"I don't know what to say," she replied. "I read that French women are able to do the lives they want and eat what they want and still staying not putting on weight."

"You're not mentioning anything to do with a certain kind of flirtatiousness?"

"No, I don't, no, I wouldn't think of that," Deneuve said.

In 1971, she appeared for the first time with Italian idol Marcello Mastroianni, who would become her lover and the father of her daughter, Chiara. They never married, and the affair lasted four years, but trying to get her to talk about it is like squeezing water from a stone.

"Marcello Mastroianni has always been a very, very big deal in this country, since 'La Dolce Vita,'" said Simon.

"Yes, which was is an incredible film," Deneuve said.

"Indeed. What can you tell us about him?"

"Not much. I mean, not much I would like to say. A great personality and a very shy actor, very modest person with a great sense of humor."

The reigning king of French cinema, Francois Truffaut, was also her lover. They met on "Mississippi Mermaid" in 1969, and he's said to have broken down in 1970 when she left him.

But 10 years later, Truffaut directed Deneuve in the critically-acclaimed "The Last Metro." She plays a Parisian movie theater owner hiding her husband during the German occupation. Deneuve won the Cesar (considered the French Oscar).

When asked if a great director like Truffaut has to be a tormented person, Deneuve said yes. "I think if you're a very sort of quiet, happy, fulfilled person, it's more difficult to put it in words and to want to have the desire to put it in images and tell a story. I think that most of the directors I have known were mostly tormented persons, yes."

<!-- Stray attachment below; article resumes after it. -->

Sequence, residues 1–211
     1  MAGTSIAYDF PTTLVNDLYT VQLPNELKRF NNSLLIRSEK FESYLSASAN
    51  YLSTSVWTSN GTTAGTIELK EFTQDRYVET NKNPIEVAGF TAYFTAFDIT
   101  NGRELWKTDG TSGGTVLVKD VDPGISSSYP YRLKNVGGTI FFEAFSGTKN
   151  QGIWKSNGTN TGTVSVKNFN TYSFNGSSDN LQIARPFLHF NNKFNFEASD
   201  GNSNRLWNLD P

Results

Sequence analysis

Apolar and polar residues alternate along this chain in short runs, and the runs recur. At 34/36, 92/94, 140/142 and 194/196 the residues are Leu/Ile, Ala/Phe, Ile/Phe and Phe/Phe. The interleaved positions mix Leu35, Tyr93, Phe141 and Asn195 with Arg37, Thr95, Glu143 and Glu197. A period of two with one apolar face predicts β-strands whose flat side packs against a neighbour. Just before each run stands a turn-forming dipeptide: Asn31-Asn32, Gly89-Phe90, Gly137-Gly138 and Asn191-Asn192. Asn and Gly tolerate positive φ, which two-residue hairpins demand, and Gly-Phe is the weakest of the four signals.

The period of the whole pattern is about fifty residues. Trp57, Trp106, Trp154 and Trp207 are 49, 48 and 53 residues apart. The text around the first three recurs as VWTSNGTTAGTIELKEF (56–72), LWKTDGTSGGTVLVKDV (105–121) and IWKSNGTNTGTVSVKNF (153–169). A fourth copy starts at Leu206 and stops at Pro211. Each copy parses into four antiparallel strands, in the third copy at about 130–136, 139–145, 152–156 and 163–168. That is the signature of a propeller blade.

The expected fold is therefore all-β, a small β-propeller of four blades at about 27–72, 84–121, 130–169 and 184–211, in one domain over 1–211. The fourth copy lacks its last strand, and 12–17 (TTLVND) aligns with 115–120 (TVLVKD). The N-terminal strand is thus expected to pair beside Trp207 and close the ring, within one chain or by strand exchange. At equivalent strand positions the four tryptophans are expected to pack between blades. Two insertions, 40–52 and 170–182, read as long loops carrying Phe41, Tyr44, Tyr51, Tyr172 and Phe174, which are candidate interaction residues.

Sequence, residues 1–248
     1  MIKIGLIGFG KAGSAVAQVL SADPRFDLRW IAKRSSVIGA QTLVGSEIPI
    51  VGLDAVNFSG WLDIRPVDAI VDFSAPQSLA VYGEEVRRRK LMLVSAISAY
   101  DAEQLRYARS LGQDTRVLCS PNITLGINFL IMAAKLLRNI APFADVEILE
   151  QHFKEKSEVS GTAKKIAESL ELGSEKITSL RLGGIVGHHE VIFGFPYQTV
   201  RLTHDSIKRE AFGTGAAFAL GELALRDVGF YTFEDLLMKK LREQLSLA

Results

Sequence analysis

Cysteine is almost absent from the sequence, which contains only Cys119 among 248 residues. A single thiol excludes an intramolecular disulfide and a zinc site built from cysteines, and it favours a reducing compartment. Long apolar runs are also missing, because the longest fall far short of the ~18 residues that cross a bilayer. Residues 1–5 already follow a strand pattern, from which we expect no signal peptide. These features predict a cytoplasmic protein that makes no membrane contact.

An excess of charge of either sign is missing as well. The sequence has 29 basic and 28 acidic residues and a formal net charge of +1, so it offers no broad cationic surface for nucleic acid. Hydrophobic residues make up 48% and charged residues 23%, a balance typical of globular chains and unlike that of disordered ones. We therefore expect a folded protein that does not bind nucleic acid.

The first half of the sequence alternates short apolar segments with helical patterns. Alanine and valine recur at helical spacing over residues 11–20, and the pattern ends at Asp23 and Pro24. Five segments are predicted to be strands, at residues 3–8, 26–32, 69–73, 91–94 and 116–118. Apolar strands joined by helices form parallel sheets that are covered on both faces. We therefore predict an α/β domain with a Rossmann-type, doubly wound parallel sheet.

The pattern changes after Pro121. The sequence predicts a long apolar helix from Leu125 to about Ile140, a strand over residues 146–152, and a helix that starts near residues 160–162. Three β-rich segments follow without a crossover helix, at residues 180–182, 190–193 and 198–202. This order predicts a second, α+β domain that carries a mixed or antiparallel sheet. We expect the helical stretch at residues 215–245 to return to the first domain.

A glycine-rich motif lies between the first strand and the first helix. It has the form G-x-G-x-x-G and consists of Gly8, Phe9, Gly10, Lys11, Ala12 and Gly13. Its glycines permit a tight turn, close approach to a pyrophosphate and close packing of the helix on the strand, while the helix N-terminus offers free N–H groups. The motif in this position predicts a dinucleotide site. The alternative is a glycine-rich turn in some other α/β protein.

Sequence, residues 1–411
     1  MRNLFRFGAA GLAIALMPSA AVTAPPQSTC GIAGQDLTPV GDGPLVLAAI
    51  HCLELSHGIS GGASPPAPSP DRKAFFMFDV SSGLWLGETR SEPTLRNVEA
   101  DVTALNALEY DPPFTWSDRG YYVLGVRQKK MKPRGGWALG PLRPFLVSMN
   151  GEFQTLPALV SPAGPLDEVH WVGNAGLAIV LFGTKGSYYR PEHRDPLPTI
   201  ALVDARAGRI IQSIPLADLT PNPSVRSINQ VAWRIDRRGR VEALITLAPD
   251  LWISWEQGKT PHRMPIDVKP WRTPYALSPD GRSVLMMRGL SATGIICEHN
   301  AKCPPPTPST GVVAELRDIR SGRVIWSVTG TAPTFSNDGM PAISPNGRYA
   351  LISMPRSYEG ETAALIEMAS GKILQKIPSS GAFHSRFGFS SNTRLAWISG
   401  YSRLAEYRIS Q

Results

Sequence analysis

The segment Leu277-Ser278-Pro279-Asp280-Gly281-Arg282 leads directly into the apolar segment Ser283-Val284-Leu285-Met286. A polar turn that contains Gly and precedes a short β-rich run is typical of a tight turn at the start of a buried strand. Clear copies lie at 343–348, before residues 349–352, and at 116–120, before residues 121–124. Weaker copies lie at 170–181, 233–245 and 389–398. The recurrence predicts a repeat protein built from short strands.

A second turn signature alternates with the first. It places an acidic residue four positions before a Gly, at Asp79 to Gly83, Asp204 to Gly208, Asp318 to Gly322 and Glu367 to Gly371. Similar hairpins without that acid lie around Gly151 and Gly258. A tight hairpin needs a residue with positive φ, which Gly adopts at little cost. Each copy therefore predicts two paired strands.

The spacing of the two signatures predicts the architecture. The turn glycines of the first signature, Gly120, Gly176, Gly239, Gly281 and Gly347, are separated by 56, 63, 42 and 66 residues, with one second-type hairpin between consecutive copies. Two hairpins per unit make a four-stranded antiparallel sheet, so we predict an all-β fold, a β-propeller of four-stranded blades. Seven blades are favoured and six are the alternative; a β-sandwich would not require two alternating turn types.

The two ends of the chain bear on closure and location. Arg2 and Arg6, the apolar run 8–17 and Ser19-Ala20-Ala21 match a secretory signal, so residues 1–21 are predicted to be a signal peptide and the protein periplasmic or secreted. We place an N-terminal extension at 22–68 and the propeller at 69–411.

Nearing 50, she played an unmarried plantation owner who raises a Vietnamese orphan in French Indochina, in "Indochine." She was again awarded the Cesar, and received her first (and only) Oscar nomination.

Simon asked, "Would you like a shot at another Oscar, or does it not mean anything to you?"

"No, I would not say it does not mean anything to me, but there is no chance that it can happen," she replied. "You know, it's very rare that a French-speaking actress is nominated in a film for the Oscar. I know it does happen, but it's very rare."

But her latest film, "On My Way," is in French. She plays Bettie, a former beauty queen who renews ties with her estranged grandson.

She still dreams about Hollywood, but will never able to act with the actor she likes best.

"I would have liked to do work with Cary Grant," she said. "I think he's such a great, great actor. Cary Grant to me was the real summit of what acting can be for a man."

Looking at Catherine Deneuve today, you can understand what it is people really want to know about her -- and it's neither her talent nor her love life.

Simon said, "Both women and men insisted I ask you: What is the secret to aging well aside from starting out beautiful?"

"I think it's different for men and women," Deneuve said. "I think for men it has more to do with a fulfillment of what they do in their life, their social life, their work. I think for women, it's more private. It has more to do with a personal fulfillment with a life, love and children, and work also, but not as the first main thing, I think."

"Do you find aging difficult?"

"I think it's difficult for everybody. It's difficult, the energy, you know, that you miss sometimes, which is a problem."

"You're still going," Simon said.

"Going where?"

"Very strong."

"'Very strong'?"

"I mean, you're turning out movies. And the only reason I mention that is that French people as you know have this reputation about being passionate about retiring."

"Depends on what you are doing in life," Deneuve said. "As an actor, an artist don't retire, no. It's not your decision. It happens."

"Well, you were blessed then, weren't you?"

"Quite," she smiled.